11. Bill Maher states the left in the Democrat Party is just goofy. Its upended women’s sports. If you take the worst team in the NBA and put it up against the best team in the WNBA, the score will still be very lopsided. Its the party of pretend. Its insists the left is full of lies, and if you don’t agree you’re the collateral damage of their censorship.
    He stated he doesn’t like or agree with MJT, but we’ve got to be able to get along with each other and not Censor anyone.

  12. John Sc. Extremists of all stripes do tend to be goofy but Title IX has nothing to do with pitting females against males in athletic events. It is about making the benefits of athletic competition available to girls and women. The rest of that paragraph doesn’t seem to make sense.
    I agree with the position that we should not censor people because their speech is offensive.

  13. In the whirlwind of opinions and finding position the curtain has to be pulled on the trajectories of the parties. Such a chasm these days. Do we want a government that micromanages our private lives and keeps us as a cog in structure, or a government that allows us to live according to our conscious and bring our diversity and talents to the table (marketplace). Hope enough vote to throw off the oppressive, and authoritarian movement that is leading to fascism. Hope enough of the smoke has lifted for all Americans to see more clearly!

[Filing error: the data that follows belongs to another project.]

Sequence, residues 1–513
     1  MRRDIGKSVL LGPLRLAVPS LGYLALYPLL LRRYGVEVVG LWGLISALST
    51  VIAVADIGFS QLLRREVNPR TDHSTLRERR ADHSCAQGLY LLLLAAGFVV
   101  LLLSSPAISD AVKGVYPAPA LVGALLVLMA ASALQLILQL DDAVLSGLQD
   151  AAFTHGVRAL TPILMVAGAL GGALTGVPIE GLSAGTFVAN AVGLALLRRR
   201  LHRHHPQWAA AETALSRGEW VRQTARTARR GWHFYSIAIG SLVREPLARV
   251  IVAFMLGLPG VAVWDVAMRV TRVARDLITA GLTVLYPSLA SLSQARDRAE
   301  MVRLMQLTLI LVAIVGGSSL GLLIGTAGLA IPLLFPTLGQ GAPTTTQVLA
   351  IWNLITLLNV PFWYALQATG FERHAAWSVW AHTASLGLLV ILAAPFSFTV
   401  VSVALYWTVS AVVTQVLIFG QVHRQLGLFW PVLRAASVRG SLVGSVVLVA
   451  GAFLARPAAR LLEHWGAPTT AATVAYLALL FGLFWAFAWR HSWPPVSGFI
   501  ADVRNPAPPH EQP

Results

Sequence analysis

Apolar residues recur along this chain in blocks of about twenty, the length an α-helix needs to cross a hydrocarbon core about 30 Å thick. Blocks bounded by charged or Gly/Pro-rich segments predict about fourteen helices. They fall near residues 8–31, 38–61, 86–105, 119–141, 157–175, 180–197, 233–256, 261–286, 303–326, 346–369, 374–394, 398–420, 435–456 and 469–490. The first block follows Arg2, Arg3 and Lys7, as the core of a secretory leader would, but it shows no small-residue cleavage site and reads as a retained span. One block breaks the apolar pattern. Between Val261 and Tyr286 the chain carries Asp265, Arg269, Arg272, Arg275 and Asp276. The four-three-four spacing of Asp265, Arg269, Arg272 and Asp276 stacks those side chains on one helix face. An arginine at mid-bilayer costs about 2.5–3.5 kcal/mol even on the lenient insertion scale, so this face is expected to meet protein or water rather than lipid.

14. Sorry Todd, but the GOP hasn’t taken a stance against war. They consistently take a stance against PAYING for war — paying for ANYTHING for that matter. It’s not about the money. It’s ONLY about the money.